“Bullet proof” and “security” are so tightly intertwined for most of us that it’s often surprising to learn about modern facilities where security doesn’t hinge on ballistic glass. Prisons, for example–despite their reputation as modern-day fortresses–are almost devoid of ballistic glass. It simply doesn’t suit their setting.
BRITTLE, BUT STOPS BULLETS
Total Security Solutions vice president Jim Richards is an expert in ballistic systems design, and he points out that although it’s counter-intuitive, much ballistic glass is actually fairly brittle. This brittleness is vital to how the glass stops bullets: The extremely hard surface deforms the projectile upon impact, then cracks and chips–which saps the bullet of energy and deflects its forward momentum. The bullet, no longer streamlined or flying efficiently, grinds into the ballistic glass, chewing itself up in the process.
This is great for stopping bullets, but also means that these materials are relatively easy to scratch, and might be rendered foggy by a careless janitor (or sly inmate) “cleaning” the ballistic glass improperly.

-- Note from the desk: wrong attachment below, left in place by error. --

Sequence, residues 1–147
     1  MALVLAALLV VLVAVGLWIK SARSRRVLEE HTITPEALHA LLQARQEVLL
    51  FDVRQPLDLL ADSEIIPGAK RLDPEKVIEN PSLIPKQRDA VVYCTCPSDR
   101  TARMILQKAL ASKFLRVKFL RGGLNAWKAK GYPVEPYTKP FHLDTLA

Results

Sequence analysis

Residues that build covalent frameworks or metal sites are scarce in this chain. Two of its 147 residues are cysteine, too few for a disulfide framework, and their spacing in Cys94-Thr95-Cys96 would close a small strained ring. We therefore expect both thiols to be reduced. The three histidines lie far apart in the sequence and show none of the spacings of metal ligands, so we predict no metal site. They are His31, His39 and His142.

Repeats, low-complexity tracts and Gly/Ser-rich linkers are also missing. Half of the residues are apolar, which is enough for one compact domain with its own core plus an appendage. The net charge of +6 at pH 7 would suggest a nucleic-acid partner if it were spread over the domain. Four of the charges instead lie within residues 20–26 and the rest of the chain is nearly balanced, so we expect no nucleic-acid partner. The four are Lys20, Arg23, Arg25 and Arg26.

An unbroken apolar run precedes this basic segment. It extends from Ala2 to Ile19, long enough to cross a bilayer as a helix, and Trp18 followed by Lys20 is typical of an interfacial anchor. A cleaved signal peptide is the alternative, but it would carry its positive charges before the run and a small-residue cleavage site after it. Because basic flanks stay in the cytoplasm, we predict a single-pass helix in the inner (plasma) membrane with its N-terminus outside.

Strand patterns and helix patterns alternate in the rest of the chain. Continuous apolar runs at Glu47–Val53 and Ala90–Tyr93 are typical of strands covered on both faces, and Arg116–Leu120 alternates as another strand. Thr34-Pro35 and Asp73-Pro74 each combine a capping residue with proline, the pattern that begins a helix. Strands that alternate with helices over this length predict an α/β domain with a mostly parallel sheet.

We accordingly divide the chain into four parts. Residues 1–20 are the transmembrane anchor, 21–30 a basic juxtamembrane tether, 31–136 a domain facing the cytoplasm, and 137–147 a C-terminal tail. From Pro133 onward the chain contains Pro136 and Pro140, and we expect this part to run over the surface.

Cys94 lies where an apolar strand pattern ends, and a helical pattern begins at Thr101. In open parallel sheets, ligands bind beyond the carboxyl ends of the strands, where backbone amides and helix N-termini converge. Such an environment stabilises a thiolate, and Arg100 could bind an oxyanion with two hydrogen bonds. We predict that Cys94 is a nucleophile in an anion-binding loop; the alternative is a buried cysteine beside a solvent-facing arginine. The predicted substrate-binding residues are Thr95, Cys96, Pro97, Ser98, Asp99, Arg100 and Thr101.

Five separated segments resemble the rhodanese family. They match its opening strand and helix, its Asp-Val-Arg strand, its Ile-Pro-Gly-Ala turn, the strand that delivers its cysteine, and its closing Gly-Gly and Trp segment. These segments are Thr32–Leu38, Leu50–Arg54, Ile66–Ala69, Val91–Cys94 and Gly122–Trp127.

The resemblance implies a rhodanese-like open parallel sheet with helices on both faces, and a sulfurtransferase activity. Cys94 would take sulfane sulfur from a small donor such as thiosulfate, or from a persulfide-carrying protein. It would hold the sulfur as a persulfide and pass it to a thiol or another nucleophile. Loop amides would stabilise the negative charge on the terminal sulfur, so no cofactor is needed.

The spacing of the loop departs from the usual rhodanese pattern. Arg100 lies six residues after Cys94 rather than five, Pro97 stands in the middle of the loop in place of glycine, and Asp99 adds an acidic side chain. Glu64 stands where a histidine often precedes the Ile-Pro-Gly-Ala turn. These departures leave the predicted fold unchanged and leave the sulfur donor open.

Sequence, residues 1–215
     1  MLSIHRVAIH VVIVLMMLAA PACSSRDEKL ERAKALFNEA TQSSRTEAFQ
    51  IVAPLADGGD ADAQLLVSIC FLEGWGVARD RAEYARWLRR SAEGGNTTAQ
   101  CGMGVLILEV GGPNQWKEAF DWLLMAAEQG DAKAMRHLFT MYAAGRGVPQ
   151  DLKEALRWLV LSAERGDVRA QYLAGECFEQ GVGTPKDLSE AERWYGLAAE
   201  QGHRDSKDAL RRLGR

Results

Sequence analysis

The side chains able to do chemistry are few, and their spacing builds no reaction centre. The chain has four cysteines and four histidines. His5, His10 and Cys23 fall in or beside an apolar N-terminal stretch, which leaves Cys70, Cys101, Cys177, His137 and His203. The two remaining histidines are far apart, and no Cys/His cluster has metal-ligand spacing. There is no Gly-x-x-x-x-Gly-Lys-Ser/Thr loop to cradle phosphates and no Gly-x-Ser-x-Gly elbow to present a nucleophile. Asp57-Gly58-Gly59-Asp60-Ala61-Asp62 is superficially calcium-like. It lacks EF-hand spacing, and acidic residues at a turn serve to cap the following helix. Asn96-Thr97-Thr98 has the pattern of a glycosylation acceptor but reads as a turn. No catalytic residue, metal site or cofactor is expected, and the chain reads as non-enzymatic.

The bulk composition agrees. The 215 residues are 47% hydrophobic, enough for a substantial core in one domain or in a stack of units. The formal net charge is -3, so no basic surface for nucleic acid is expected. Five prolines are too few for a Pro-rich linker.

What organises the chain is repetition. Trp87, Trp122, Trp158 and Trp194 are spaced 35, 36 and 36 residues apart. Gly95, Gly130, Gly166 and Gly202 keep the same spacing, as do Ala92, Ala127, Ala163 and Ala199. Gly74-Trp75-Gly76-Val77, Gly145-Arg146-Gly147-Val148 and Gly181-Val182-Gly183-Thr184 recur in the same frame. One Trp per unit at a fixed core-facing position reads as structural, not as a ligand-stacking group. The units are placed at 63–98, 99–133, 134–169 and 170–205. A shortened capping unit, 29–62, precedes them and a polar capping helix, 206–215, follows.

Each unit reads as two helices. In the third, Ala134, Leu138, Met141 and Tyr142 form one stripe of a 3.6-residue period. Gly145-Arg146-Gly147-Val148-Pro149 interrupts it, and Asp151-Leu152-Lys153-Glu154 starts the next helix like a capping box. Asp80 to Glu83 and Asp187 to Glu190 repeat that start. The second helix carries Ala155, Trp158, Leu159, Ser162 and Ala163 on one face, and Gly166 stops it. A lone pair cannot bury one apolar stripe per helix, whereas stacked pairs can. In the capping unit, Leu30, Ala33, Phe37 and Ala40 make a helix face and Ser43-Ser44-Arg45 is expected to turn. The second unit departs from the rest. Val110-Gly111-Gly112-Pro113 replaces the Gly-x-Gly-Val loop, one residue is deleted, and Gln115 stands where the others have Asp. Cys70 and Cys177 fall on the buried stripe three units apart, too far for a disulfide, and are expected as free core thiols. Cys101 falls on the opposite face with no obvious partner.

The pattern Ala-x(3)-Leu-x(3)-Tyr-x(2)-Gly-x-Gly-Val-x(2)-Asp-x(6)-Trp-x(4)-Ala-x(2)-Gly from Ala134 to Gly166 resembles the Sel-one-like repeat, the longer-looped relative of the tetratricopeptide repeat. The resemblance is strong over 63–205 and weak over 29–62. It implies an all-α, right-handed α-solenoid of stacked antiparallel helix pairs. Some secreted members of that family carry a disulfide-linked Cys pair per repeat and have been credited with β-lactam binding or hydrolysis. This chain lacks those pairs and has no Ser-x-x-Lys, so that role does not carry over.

LITTLE CALL FOR STOPPING BULLETS
Ballistic glass isn’t really what a prison needs. There are few guns behind bars, and all are tightly monitored. What is much more important than a ballistic barrier is having clear barriers–making it easy to monitor inmates–without having to worry about those barriers being damaged by either malice or carelessness.
As Jim explains, “Imagine you’re building a new prison; that’s a $20 million facility. There might be maybe $20,000 in new ballistic glazing and frames in the whole scope of the project, but you need lots and lots of durable windows.” To put that in perspective, a $20 million prison complex–which might comprise several buildings on dozens of acres of land, and ultimately hold thousands of inmates–only includes a gas-station’s worth of work for a ballistic glass expert.
DETENTION GLAZING vs. BALLISTIC GLASS
What prisons and jails really need is “detention glazing.” This is half-inch thick polycarbonate, very similar to the polycarbonate used in some ballistic glazing. Polycarbonate is perfect for prisons because, unlike other ballistic glass, polycarbonate flexes and rebounds when struck. Detention glazing won’t stop a bullet, but the springy polycarbonate will deflect a rock or chair or hammer almost indefinitely.